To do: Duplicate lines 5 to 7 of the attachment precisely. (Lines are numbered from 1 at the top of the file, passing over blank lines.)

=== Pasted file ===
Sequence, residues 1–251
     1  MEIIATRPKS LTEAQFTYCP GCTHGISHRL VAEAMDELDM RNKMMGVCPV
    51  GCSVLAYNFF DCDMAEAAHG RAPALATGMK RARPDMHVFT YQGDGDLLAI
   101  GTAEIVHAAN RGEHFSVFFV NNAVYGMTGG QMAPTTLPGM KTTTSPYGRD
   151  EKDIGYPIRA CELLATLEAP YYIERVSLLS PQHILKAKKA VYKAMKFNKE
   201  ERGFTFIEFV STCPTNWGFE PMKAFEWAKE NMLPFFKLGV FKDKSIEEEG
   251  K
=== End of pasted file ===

   151  EKDIGYPIRA CELLATLEAP YYIERVSLLS PQHILKAKKA VYKAMKFNKE
   201  ERGFTFIEFV STCPTNWGFE PMKAFEWAKE NMLPFFKLGV FKDKSIEEEG
   251  K